Saturday, February 15, 2014
Drastic Cuts in Carbon Pollution Needed by 2030
Why We Need to Cut Carbon Emissions by 80% by 2030
Below is an argument that we should aim for an 80% reduction in all carbon pollution in California by 2030. This is consistent with the Sierra Club resolution calling for 80% reduction in carbon emissions from the electricity generation sector by 2030, but this proposal would apply to all sources of greenhouse gases as well as electricity generation.
The leading scientific study on climate change comes from the Intergovernmental Panel on Climate Change (IPCC). The IPCC report contends that, in order to have a 66% chance of limiting the warming to 2°C, the total carbon emitted by humans must be less than 800 gigatonnes (GtC). (page 20) The report also states that 531 GtC have been emitted since 1880. This means that the carbon pollution budget is 269 GtC.
According to the EPA graph below, the world is now emitting about 32 gigatonnes of CO2 per year. This is equivalent to 8.7 GtC per year.1 Assuming the world emitted at least 8 billion tonnes since the IPCC report was written, and if we continue emitting CO2 and other carbon pollution at the current rate, we will expend our carbon budget in 261/8.7 = 30 years. Unfortunately, the graph shows that annual emissions are rapidly increasing, so, if that continues, the budget will be used up in less than 30 years.
Fig. 1: Global CO2 Emissions per Year
So what should our goal be in terms of CO2 reductions? If the world starts now to cut CO2 and does so continuously, the 261 gigatonnes must be cut to zero in 60 years in order to have a 66% chance of avoiding 2˚ global warming. A graph of this is shown below:
Figure 2: Optimistic Carbon Emissions Reduction Plan
If we want to set a global goal for 2050, the graph shows that we earthlings need to lower our current emissions from 8.7 gigatonnes per year to 3.3 gigatonnes by 2050. This is a 62% reduction.
However, there are several reasons why we in California should aim for bigger cuts than this:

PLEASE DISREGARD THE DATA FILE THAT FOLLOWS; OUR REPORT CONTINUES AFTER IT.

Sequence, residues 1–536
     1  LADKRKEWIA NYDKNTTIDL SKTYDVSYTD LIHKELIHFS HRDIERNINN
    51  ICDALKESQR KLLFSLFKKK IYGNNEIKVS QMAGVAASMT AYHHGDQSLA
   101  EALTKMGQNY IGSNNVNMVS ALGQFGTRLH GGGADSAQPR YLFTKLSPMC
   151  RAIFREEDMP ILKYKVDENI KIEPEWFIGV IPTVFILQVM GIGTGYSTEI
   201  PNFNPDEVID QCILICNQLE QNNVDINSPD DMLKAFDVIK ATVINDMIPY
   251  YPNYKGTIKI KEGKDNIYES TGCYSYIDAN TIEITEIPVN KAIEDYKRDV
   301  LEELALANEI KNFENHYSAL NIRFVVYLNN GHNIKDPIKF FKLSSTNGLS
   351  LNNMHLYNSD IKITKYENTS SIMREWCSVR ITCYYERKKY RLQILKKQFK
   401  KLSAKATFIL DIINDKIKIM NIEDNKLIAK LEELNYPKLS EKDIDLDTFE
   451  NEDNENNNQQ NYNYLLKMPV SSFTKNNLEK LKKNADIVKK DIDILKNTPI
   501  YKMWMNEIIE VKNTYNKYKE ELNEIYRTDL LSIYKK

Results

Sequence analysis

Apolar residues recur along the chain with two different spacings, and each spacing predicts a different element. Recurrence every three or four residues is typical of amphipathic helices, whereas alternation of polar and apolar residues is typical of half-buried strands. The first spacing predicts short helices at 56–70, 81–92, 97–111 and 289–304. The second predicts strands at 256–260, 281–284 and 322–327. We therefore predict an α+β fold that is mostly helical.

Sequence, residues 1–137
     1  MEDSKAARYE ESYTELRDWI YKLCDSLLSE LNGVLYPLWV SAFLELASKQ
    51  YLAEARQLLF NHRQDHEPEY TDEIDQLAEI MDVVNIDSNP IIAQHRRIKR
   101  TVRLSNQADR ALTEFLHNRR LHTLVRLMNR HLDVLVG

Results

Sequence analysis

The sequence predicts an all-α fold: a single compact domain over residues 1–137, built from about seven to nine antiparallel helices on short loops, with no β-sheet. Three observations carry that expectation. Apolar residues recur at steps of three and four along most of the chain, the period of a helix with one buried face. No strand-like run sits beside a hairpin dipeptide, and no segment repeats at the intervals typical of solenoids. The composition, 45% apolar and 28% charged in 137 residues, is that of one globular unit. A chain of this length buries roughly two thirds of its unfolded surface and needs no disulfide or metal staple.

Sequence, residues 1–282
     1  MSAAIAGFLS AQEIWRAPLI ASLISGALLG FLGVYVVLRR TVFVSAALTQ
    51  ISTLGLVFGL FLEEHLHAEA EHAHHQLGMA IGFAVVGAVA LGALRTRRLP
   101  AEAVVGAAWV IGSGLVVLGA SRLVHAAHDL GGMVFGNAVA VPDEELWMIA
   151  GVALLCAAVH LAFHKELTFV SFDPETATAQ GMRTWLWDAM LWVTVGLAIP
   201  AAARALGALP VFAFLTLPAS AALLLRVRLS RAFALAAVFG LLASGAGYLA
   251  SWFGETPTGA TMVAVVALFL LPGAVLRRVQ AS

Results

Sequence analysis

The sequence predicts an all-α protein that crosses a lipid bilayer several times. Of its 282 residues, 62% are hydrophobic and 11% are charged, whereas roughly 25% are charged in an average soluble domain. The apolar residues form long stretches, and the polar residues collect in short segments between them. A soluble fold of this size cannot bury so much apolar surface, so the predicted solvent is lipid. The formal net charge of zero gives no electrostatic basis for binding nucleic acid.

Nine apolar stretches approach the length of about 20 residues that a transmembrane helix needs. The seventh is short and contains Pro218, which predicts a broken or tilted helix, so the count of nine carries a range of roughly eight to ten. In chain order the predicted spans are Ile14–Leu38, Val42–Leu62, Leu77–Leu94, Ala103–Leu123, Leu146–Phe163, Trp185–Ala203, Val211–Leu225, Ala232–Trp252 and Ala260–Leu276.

1. The EPA table in Figure 1 shows that carbon pollution is increasing, not decreasing. So for the next few years, until this can be stopped, we will be using up our carbon pollution budget faster than the above calculations allow. Therefore, we should aim for bigger cuts than the straight line graph shows. In fact, if it takes 10 years for the world to begin decreasing carbon pollution, then we will have to completely eliminate carbon emissions by 2050, instead of 2074 as suggested by Figure 2.
2. California should lead the way. The rest of the world is very likely to move more slowly than California. We have the technology and the resources to do this much faster, and we should be a model to everyone else.
3. A 33% chance of climate catastrophe is hardly reassuring. If you were told that an airplane had a 33% chance of crashing, would you get on board? We should cut fossil fuels asap!
4. Plus, we in the advanced industrial societies are the main cause of all this carbon pollution. In 1970 there were as many cars in Los Angeles as there were on the entire continent of Africa! It is our responsibility to clean up our mess.
Given all this, an 80% cut in CO2 by 2030 would be a much better goal for California than the present goal of 80% below 1990 levels by 2050. The current state goal needs to be vigorously defended, but it also needs to be improved upon.
As I've argued throughout this blog, we need to convert to 100% electric vehicles running on 100% renewable energy by 2030 if we are to have any chance of avoiding climate catastrophe.
1The molecular weight of carbon is 12, while oxygen is 16. So when you add two oxygens to a carbon the weight of CO2 is 44. In other words, burning one pound of carbon creates 44/12 = 3.67 pounds of CO2. So the annual production of 32 billion tonnes of CO2 equals 32/3.67 = 8.7 GtC.